Archive for the ‘Dungen’ Category

[ATTENDED: August 23, 2019] Tame Impala

I’ve liked Tame Impala since they first came out back in 2010.  I more or less pit them in a category with Dungen because of the jamming psychedelic sound and high-pitched vocals. I really enjoyed Innerspace and thought Lonerism was really good too.

When Kevin Parker (he makes the records himself and then tours with a live band) put out Currents in 2015, I thought it had some great songs and that the cover was quite an iconic and unforgettable image.

Then about a year ago I discovered that Tame Impala are HUGE!   People love them!  They even headlined Coachella.

How did this happen?  Not impugning the band in any way, but they are not a typical pop band.  Nor are they super catchy like Foo Fighters (another improbably popular band).  They’re even from Australia, for crying out loud.  But their fan base in the States is massive.

So I’d had them on my list to see for a while, but in recent years I’ve heard their live show is spectacular.  When I saw they were playing the Mann Center I was sure to get a ticket as close to the stage as possible.   And a couple days before the show it turned out the show sold out–that’s 14,000 people.  Wow. (more…)

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SOUNDTRACK:공중도둑 (MID-AIR THIEF)쇠사슬 (Ahhhh, These Chains!)” (2018).

At the end of every year publications and sites post year end lists.  I like to look at them to see if I missed any albums of significance.  But my favorite year end list comes from Lars Gottrich at NPR.  For the past ten years, Viking’s Choice has posted a list of obscure and often overlooked bands.  Gottrich also has one of the broadest tastes of anyone I know (myself included–he likes a lot of genres I don’t).  

Since I’m behind on my posts at the beginning of this year, I’m taking this opportunity to highlight the bands that he mentions on this year’s list.  I’m only listening to the one song unless I’m inspired to listen to more.

공중도둑 (Mid-Air Thief) is from Korea (obviously).  Beyond that, virtually nothing is known about him (Lars confirms that it is a he, even if many of the vocals are by Summer Soul–she is his guest singer).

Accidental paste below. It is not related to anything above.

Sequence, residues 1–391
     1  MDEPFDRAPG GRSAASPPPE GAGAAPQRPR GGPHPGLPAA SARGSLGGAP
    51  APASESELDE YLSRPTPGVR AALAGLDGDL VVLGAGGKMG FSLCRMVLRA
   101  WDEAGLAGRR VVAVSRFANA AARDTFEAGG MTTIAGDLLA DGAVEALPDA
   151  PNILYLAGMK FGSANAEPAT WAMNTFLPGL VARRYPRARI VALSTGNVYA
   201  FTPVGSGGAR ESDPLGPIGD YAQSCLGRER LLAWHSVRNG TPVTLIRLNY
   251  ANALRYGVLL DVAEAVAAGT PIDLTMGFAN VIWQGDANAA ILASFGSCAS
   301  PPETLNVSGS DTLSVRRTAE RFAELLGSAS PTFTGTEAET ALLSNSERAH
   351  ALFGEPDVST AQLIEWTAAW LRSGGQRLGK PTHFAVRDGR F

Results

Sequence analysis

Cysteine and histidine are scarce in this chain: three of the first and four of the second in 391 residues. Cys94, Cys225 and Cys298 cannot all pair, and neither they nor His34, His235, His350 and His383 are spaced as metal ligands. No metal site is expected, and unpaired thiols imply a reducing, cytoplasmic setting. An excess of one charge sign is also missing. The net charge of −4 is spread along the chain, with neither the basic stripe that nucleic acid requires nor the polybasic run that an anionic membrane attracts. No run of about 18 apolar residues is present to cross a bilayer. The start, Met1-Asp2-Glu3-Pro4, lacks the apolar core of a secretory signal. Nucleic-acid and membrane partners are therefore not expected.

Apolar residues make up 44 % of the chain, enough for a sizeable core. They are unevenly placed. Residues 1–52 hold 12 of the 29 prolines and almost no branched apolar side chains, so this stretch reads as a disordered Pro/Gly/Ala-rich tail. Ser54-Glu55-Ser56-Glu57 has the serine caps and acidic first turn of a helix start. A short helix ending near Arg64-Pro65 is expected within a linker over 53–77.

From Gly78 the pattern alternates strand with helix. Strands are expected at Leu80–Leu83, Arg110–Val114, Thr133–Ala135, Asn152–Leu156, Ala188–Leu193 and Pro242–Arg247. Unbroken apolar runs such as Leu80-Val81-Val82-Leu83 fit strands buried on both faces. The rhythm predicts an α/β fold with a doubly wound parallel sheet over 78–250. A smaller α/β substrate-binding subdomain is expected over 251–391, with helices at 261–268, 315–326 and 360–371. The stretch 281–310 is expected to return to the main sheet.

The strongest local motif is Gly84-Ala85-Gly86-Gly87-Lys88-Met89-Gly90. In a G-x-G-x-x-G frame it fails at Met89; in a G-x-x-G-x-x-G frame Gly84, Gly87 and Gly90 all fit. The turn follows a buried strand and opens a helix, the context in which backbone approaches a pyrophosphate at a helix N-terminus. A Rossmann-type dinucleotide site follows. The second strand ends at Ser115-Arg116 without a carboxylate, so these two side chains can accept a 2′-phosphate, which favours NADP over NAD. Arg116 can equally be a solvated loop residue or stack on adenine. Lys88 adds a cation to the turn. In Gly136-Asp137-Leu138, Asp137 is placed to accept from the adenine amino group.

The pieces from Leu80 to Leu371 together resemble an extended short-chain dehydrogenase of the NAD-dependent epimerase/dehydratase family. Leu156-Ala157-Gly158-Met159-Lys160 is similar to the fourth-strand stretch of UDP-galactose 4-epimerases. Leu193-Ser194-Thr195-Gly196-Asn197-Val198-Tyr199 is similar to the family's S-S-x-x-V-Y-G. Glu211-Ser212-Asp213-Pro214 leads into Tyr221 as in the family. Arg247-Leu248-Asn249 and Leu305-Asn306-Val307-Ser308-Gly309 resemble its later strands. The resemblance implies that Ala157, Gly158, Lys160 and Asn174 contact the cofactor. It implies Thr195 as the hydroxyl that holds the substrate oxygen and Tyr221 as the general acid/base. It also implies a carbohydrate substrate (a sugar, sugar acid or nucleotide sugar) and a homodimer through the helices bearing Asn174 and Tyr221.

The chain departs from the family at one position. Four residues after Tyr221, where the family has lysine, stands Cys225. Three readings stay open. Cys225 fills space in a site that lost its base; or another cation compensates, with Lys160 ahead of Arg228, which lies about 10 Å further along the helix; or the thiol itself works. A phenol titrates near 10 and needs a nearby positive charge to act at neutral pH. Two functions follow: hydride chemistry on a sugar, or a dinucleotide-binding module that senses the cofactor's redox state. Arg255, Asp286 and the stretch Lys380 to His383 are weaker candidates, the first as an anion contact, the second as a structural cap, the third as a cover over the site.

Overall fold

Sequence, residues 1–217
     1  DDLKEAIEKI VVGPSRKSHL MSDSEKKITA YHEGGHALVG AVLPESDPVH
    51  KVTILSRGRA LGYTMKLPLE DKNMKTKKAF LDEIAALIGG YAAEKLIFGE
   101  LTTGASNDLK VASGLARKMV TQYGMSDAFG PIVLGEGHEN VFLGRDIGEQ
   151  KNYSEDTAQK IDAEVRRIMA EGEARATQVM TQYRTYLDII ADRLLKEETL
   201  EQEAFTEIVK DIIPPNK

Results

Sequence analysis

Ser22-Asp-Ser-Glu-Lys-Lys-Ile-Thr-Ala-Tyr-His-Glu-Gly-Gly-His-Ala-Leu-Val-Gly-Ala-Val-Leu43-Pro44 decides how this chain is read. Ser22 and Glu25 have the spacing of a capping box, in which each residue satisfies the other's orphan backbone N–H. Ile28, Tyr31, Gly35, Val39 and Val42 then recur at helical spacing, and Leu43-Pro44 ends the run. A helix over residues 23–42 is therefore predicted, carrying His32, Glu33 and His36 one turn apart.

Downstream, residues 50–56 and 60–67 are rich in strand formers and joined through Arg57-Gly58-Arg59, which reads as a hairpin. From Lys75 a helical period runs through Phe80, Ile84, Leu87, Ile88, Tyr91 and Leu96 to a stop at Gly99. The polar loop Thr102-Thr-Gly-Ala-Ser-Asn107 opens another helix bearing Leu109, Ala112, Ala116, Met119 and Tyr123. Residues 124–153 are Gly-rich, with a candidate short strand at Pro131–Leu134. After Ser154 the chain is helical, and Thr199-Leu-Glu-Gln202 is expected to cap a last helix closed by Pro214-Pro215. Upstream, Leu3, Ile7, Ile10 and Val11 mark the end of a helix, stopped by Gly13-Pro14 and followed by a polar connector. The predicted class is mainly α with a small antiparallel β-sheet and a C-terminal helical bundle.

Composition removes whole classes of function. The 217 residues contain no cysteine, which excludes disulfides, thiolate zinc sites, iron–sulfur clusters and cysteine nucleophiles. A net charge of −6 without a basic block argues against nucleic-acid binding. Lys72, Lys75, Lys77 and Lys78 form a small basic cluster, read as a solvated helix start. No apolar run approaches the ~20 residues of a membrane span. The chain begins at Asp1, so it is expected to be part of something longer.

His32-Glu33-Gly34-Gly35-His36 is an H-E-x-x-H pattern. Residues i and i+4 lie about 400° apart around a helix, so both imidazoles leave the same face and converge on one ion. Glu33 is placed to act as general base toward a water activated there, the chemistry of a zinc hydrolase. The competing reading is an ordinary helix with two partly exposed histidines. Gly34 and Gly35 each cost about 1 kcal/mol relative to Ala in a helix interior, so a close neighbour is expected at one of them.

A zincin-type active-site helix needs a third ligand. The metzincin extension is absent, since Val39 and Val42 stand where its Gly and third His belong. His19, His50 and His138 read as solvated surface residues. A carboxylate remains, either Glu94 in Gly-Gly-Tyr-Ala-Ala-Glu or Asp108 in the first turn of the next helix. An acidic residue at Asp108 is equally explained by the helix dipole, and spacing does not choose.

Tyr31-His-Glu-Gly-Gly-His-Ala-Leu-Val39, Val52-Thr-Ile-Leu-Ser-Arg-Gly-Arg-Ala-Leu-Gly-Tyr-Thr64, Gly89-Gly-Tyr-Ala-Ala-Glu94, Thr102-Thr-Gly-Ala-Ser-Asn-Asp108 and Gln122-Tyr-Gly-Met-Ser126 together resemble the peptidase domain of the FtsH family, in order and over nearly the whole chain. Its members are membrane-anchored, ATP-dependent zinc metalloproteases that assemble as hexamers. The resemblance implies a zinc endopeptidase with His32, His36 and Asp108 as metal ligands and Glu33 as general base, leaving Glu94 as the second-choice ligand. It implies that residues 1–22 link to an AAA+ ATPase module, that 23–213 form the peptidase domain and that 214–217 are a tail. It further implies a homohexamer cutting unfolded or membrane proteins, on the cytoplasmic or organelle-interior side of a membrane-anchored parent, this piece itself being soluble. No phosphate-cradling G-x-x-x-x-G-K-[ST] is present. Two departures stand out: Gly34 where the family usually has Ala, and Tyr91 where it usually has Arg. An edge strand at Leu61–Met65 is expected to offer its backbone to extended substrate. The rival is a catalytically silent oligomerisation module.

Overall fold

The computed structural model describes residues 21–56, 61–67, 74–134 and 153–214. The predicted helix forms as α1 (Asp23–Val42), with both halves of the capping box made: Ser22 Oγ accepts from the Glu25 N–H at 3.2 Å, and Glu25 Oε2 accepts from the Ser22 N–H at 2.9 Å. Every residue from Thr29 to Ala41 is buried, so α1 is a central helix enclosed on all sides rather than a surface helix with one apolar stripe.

Mid-Air Thief makes beautiful but weird, glitchy folk music.  Every time something really lovely seems to come along, there’s always some kind of twist to make it not what you think.  This, of course, keeps everything interesting and fun.  But despite that, the whole album is bright and cheerful.  There’s feelings of Dungen and Beck and even some Kishi Bashi.  There’s even a sense of the more psychedelic Flaming Lips songs (but without the over-loud low end).

It’s really great.

“쇠사슬,” which translates into the delightfully odd “Ahhhh, These Chains!” opens with a pretty, fast-picked guitar and delicate voices.  The song builds as electronic sounds are placed throughout adding tension but never overriding the pleasantness of the guitar and soft voices.  After a slight break into a “chorus” the song resumes almost doubled in sounds and power, but never losing that sweetness.

I love how the song seems like it’s going to end after around four minutes but it still has a bashing coda to show off before it finally ends at five minutes.

Bob Boilen has sent out a plea to Mid-Air Thief to do a Tiny Desk Concert, and boy I hope that happens.

Plus how great is Mid-Air Thief’s avatar (on the left).

[READ: January 6, 2019] “It’s All Over Now”

This story is about a young woman, living alone and fearful in a sketchy part of Mexico.

Tina Reyes is the single woman.  She boards a bus to visit her friend Rosa.  She hopes Rosa is all right–Rosa had looked tired last week. Tina thinks about Rosa with her husband and children and she grows rather sad and melancholy thinking about her own life and how she will never have anything like that.

Is her status a self-fulfilling prophecy or is she just sensible about the word around her?

As soon as she gets off the bus a man approaches her.  She is freaked out by his request:

Pardon me senorita, may I walk with you? (more…)

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I have been to a lot of shows in the last couple of years.  I have also had tickets to a few that I had to miss for various reasons.  The one I regret missing the most was the Dungen show where they were going to play live for the film The Adventures of Prince Achmed.   I missed it because there was pretty heavy snow–it was the right choice, I am just bummed about it.  It’s not so much that I wanted to see them perform the music that’s in this album (I didn’t even know it at the time), it’s just the experience that sounded awesome (and the fact that they played a second set of their other songs afterward was icing).

So this soundtrack officially came out recently.  It’s about 40 minutes (the film is around an hour) and it is a largely fun Dungen release with a feeling of soundtrack invoked.

The disc opens with “Peri Banu vid sjön,” the perfect soundtrack–slow and loping with washes of sound.  “Jakten genom skogen” follows with slow washes of sound with a pretty acoustic guitar melody and some lively bass.  It slowly builds in a kind of rocking 70s way.  “Wak-Wak’s portar” is a fast loud riotous affair that lasts a minute and a half.   It traipses back and forth on headphones and even has a penny whistle solo. It is sort of forcibly segued into “Den Fattige Aladdin,” a rather muffled distant sounding flute melody (I’m guessing it’s Aladdin’s motif).

“Trollkarlen och fågeldräkten” is a jazzy number with bass and piano and soaring wild guitar over the top of it.  “Grottan” is a minute of spooky synths that segues into the noisy buzzy guitar workout of “Häxan.”  That rocking slows to a slow menacing thump of drum and piano.